A Well Thought Out Scream by James Riordan: OLDEST GOSPEL TEXT DISCOVERED
A fragment of the Gospel of Mark that was written during the first century was recently discovered. The text was written before the year 90 and prior to its discovery, the oldest gospel text discovered was written sometime between the years 101 and 200. The fragment was written on a sheet of papyrus that was later reused in creating a mummy mask. The masks that the mummies of the Egyptian pharaohs wore were made of gold, but most non-royalty had to settle for masks made out of papyrus (or linen), paint, and glue. Since papyrus was also expensive, many people had to reuse sheets that already had writing on them.
It has only been in recent years that scientists have developed a technique that dissolves the glue of mummy masks without harming the ink on the paper. The text on the sheets can then be read. The first-century gospel is one of hundreds of new texts that over thirty scientists and scholars have been working to uncover, and analyze, said Craig Evans, a professor of New Testament studies at Acadia Divinity College in Wolfville, Nova Scotia. “We’re recovering ancient documents from the first, second and third centuries. Not just Christian documents, not just biblical documents, but classical Greek texts, business papers, various mundane papers, personal letters,” Evans told Live Science. The documents include philosophical texts and copies of stories by the Greek poet Homer. [See Images of Early Christian Inscriptions and Artifacts]
Of course, a major downside is that the process destroys the mummy mask and scholars in the field are debating whether this particular method should be used to reveal the texts they contain. But Craig Evans emphasized that the masks that are being destroyed to reveal the new texts are not high-quality ones that would be displayed in a museum. Some are not masks at all but are simply pieces of cartonnage. Evans told Live Science, “We’re not talking about the destruction of any museum-quality piece.”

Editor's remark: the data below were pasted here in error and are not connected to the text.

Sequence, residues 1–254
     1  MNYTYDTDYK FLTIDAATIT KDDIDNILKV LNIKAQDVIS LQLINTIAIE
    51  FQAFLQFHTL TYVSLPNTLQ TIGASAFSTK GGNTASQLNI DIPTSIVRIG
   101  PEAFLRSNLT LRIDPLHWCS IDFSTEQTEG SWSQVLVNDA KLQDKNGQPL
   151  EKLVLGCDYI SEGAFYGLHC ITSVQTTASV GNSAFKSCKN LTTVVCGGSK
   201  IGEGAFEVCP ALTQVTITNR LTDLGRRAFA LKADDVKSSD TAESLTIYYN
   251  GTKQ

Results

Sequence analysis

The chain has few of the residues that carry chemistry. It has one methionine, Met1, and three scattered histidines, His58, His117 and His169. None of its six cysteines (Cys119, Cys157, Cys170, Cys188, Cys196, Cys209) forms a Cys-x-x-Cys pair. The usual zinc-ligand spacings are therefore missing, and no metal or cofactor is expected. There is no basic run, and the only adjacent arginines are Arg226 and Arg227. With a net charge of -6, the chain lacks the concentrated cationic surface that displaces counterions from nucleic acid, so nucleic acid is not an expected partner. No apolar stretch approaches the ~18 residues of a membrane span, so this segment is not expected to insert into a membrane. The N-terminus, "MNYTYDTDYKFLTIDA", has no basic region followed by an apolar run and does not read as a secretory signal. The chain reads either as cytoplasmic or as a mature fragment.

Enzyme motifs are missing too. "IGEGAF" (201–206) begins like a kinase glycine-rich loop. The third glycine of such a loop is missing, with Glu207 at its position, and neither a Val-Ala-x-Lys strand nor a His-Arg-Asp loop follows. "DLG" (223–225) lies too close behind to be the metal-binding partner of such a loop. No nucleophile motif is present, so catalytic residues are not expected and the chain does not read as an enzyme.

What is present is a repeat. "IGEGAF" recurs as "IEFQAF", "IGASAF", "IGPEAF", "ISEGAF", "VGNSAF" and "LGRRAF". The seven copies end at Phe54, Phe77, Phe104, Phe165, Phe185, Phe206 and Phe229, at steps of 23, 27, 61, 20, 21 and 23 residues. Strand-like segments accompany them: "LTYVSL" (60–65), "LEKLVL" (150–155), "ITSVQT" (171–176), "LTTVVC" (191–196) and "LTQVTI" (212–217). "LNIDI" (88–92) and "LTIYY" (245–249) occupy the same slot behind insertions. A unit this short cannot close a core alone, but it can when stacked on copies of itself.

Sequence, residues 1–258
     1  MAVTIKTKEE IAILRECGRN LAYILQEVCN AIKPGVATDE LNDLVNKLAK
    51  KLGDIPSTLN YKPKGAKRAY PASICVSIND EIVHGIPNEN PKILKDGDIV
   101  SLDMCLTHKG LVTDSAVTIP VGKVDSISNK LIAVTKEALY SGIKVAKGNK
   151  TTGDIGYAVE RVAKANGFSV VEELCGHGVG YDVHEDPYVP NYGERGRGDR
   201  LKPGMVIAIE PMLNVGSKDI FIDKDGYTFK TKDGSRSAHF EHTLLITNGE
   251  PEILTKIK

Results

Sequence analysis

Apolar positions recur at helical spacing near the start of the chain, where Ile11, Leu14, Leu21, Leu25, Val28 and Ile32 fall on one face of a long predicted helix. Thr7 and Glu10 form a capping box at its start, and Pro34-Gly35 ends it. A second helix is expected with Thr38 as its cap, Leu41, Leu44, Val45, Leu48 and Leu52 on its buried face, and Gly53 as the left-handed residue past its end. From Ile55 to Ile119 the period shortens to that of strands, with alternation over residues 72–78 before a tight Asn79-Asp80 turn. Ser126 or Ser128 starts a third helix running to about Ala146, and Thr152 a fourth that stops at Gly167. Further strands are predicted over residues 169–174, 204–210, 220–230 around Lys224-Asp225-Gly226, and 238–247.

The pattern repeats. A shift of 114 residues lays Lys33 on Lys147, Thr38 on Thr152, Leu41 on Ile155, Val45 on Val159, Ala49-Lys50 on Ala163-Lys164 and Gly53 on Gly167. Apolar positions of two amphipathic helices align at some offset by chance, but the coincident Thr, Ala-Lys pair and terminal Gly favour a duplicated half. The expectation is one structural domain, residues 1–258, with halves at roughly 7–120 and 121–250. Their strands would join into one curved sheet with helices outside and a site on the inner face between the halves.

Even so, the destruction of the mummy masks has generated considerable debate. Archaeologist Paul Barford, who writes about collecting and heritage issues, wrote a scathing blog post criticizing the work on the gospel. Another opponent of the process, Roberta Mazza, a lecturer in Classics and Ancient History at the University of Manchester, has blogged her concerns about the text as has Brice Jones, a doctoral candidate in religion at Concordia University.
Scholars who work on the project have to sign a nondisclosure agreement that limits what they can say publicly. There are several reasons for this agreement. One is that some of the owners of these masks simply do not want their contributions to be made known, Evans said. “The scholars who are working on this project have to honor the request of the museums, universities, private owners, so forth.”
The owners of the mummy masks retain ownership of the papyrus sheets after the glue on them is dissolved. Evans said that the only reason he can discuss the first-century gospel before it is published is because a member of the team leaked some of the information in 2012. Evans was careful to say that he is not telling revealing anything that hasn’t already been leaked online.